One of the most frequently asked question even from seasoned charterers or charter boat owners, and the one with most misconceptions is: Can I / should I, bring the kids on a charter cruise? Well, my unequivocal answer is a resounding YES! for any child over 3 years old.
My son first came on our boat when he was 3 1/2. I could tell instantly he would be comfortable and that he would enjoy himself tremendously. He had this wonderful instinct all kids that age have, moving about the right way with a sure foot, properly climbing up and down the companionway etc. And because he has a curious mind, he immediately started exploring all the corners of the boat.
My son, now 12, has since been on our boat on countless one-week charters. And now, he really helps and he is happy as a clam. Incidentally, succeeding in this will (almost) guarantee he will be happier on the boat as a teenager and later.
We thought it would be useful to put together a bit of advice to make kids happy and safe on charter. By the way, we recommend a great site for additional input on these topics: Boatsafe Kids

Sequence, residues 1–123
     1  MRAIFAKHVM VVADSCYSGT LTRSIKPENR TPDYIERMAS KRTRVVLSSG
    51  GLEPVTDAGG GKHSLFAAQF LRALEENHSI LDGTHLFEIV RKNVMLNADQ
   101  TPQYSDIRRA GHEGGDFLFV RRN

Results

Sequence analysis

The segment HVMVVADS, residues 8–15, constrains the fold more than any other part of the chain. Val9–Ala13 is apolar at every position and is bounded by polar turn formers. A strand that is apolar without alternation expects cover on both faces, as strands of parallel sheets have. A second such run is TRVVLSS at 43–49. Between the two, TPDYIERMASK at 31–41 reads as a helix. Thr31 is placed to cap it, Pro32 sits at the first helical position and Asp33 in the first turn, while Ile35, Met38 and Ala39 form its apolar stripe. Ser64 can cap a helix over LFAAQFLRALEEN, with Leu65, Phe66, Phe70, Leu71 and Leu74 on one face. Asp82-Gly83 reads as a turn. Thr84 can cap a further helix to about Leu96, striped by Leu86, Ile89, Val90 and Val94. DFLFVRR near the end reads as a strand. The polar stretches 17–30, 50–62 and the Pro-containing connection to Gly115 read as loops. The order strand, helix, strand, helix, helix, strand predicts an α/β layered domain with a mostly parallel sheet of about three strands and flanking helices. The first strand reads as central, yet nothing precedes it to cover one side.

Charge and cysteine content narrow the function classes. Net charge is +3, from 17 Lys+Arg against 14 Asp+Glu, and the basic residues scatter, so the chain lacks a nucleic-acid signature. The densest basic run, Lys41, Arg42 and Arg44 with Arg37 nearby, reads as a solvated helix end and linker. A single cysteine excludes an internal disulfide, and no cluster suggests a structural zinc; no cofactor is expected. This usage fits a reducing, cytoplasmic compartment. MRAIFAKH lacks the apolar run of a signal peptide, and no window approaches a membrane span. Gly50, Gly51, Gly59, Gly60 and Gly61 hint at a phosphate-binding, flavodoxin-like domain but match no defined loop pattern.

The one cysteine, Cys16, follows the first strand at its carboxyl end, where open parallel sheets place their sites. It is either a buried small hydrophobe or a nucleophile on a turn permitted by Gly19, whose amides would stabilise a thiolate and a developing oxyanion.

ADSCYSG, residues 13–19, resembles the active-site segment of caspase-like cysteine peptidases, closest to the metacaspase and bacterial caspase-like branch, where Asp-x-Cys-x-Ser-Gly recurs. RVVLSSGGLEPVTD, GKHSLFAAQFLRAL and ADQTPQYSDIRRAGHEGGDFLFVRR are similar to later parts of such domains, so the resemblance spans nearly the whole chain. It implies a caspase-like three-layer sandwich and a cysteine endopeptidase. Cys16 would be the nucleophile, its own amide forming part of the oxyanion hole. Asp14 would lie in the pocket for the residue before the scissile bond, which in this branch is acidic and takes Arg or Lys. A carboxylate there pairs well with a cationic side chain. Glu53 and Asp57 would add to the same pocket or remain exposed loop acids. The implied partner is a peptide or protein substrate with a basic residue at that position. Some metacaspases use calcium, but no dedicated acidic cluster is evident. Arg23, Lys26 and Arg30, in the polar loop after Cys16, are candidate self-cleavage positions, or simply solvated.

The key to achieve a successful charter with kids is simple: make them participate in the action, explain what yu are doing, get them involved and put them in charge of some things, changing the latter as they grow up. Never underestimate children. Do not assume they are too young to do this or that, unless, of course, it is a matter of pure strength, and if the child is under 4 or 5, there are things he just cannot do. However, you can make him believe and help him discretely, so that he will feel proud to be part of the crew. Here are some things I have experienced with my son over the years.